“Humble yourselves”

When Jerry and I were in Nagasaki a few years back, we stayed in the home of our friends Dr. and Mrs. Takahara.

Mrs. Takahara has a degree in tea ceremony. She understands the intricacies of this ancient and very stylized custom (a far cry from our idea of a “tea party”) and has a special room, actually two special rooms, in their home where she teaches and hosts tea ceremonies.

First there is a large closet with shelves for the Matcha (powdered green tea) and the various utensils–tea pots, scoops, bowls, and whisks. This leads into a slightly larger room with tatami floors. A square hole in the wall has a sliding wood-and-paper door which opens onto their garden.

When we asked about the hole–it was too low to be a window and it wasn’t tall enough for a door–Mrs. Takahara explained that it was the special entrance for those coming to participate in a tea ceremony. In order to enter it one has to crawl through on hands and knees. In the old days, when samurai came to tea, which they did to develop the disciplines of harmony, respect, purity, and tranquility, they had to disarm and leave their swords outside.

That was the point. In that room, there are no class distinctions, nothing for show, nothing ostentatious. (Jerry can be seen in the photo above providing me with an illustration for this post.)

I just Googled “samurai” and “tea ceremony” to be sure I had my facts straight. The following is from an interview by Terry Calamito with Michael Ricci, who studied tea ceremony for two years before he qualified to study in Kyoto under the 15th Generation Grand Tea Master of the Urasenke lineage of tea.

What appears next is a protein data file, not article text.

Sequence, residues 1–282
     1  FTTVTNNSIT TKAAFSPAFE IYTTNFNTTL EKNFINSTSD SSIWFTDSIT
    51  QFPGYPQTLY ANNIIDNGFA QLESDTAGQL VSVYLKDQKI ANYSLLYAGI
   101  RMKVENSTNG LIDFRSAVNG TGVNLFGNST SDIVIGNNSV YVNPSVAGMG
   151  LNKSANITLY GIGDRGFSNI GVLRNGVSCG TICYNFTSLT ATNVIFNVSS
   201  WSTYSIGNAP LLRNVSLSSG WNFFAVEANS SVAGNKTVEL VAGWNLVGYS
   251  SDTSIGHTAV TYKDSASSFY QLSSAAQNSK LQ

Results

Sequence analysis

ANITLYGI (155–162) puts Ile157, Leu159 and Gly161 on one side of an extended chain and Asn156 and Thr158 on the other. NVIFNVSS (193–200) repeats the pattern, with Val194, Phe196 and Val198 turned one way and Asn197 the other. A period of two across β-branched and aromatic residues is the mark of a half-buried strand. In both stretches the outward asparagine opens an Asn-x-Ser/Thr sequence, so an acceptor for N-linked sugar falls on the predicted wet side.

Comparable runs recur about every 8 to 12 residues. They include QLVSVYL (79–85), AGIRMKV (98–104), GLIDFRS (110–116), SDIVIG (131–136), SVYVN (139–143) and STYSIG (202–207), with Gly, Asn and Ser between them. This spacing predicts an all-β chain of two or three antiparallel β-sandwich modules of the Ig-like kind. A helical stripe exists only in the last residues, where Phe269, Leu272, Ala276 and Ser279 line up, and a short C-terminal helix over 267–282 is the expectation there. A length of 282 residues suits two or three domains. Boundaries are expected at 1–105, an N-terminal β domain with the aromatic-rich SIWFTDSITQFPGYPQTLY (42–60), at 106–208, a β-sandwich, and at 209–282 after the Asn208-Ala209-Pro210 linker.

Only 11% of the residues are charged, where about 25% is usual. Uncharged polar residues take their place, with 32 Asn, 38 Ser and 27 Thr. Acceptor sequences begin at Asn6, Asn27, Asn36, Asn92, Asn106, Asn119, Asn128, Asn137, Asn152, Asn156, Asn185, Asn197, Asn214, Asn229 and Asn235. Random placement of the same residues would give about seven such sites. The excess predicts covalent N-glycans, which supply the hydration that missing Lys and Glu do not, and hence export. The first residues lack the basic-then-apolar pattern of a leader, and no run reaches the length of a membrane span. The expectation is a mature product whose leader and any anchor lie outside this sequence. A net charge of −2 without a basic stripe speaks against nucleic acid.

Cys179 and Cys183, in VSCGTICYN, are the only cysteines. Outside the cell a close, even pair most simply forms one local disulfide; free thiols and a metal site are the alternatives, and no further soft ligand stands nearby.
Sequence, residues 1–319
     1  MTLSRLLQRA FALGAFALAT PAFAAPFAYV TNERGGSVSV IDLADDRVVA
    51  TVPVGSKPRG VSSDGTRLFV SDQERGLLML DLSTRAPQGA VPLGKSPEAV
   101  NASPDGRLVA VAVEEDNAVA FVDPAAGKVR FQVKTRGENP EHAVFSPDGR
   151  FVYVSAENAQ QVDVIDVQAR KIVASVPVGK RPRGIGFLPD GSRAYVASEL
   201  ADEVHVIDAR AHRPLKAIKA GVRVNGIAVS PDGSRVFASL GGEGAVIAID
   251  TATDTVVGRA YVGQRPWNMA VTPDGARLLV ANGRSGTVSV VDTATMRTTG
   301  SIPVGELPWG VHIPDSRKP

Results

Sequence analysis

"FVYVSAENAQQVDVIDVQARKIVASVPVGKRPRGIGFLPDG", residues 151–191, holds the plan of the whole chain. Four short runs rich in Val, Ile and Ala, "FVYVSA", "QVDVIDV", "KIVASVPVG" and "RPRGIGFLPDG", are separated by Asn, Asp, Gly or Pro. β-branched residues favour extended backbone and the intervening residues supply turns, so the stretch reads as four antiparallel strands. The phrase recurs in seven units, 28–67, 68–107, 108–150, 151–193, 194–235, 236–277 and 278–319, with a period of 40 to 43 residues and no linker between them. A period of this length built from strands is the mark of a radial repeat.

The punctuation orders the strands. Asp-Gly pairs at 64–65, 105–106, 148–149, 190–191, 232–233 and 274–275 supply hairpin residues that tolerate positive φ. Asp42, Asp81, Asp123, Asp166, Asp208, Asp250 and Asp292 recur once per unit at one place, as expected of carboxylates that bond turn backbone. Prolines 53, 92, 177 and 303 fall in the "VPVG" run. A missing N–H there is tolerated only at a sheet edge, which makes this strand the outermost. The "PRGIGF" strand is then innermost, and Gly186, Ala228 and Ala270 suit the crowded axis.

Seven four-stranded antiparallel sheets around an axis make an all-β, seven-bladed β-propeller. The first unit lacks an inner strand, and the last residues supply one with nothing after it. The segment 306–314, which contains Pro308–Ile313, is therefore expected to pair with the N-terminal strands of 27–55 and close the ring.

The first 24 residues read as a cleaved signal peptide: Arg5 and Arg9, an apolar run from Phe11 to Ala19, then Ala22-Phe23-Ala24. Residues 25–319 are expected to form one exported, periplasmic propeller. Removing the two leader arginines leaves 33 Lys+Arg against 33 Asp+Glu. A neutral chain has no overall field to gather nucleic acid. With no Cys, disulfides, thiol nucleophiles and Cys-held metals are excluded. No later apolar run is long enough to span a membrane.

There are no distractions inside the teahouse. Michael explains, “You’re sitting on your knees in a very small room for 4 hours in a very intimate atmosphere. The dialogue is stripped down. Everything is designed to keep focus on the moment and to completely forget about the world outside of the teahouse. . .

“The little door, called nijiriguchi, was designed for everybody to bow their heads as they enter the tea room. Shoguns and Samurai might be sitting next to peasants. They would have to take off their swords and leave them outside, bow their heads and humble themselves because inside the tea room everybody is the same.” Nowadays, he says, we take off our rings, jewelry and watches. “Anything that says ‘This is Me’. . .”

This is what I think God means by “humble yourselves.” We are to surrender our power and prestige, our class distinctions, our almighty Self, bow down and crawl into His presence to focus without distraction on His power and prestige, His distinction. And in that attitude, pray.

Reposted from https://hiddeninjesus.wordpress.com/2012/09/29/humble-yourselves/


About Jessica Renshaw

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2 Responses to “Humble yourselves”

  1. Alan Witton says:

    In mediaeval Europe it was the rule that armed men such as knights had to unbuckle their swords and leave them at the door when entering a church. This was as much about public safety as humility, as nobody wanted a scrimmage with sharp weapons at the most solemn point of the service. In Ellis Peters’ introductory book of short stories about the mediaeval monk, Brother Cadfael, she has her hero being gently reminded by a young acolyte that he should take his sword off. He does so and lays it at the foot of the altar. “It looked strangely appropriate and at peace there. The hilt, after all, was a cross”. It is this experience that sparks his desire to leave soldiering behind and follow the contemplative life as a monk.



  2. Thank you, Alan, for adding detail and depth to this overview! We never did get more than a taste of Brother Cadfael when introduced to him years ago by Roman Catholic friends–I’m going to try and enrich our diets with more stories about him.

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